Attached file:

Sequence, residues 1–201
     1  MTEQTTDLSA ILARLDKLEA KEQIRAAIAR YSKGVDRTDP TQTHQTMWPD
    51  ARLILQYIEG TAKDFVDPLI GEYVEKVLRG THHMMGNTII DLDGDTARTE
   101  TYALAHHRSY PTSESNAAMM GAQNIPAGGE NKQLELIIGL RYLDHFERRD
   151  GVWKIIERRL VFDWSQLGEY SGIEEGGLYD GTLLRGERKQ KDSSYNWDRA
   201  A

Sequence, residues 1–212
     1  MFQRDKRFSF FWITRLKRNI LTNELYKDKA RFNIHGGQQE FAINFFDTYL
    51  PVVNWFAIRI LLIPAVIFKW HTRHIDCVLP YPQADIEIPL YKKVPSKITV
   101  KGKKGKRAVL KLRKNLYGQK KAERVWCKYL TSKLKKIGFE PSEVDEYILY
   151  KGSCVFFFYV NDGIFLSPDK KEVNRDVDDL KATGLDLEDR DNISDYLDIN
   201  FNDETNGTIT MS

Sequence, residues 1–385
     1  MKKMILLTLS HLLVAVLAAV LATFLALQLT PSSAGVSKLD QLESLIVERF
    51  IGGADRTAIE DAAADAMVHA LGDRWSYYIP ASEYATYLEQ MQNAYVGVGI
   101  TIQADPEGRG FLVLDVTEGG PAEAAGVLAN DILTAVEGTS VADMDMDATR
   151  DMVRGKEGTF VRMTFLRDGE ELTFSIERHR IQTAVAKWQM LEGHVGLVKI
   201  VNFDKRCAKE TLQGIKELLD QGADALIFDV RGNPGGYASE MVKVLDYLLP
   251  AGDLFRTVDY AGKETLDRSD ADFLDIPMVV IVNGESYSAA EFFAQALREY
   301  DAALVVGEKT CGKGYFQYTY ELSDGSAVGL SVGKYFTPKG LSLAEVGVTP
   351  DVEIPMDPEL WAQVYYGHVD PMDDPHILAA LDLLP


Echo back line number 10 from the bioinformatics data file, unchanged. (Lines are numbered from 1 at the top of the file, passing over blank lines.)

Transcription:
   101  KGKKGKRAVL KLRKNLYGQK KAERVWCKYL TSKLKKIGFE PSEVDEYILY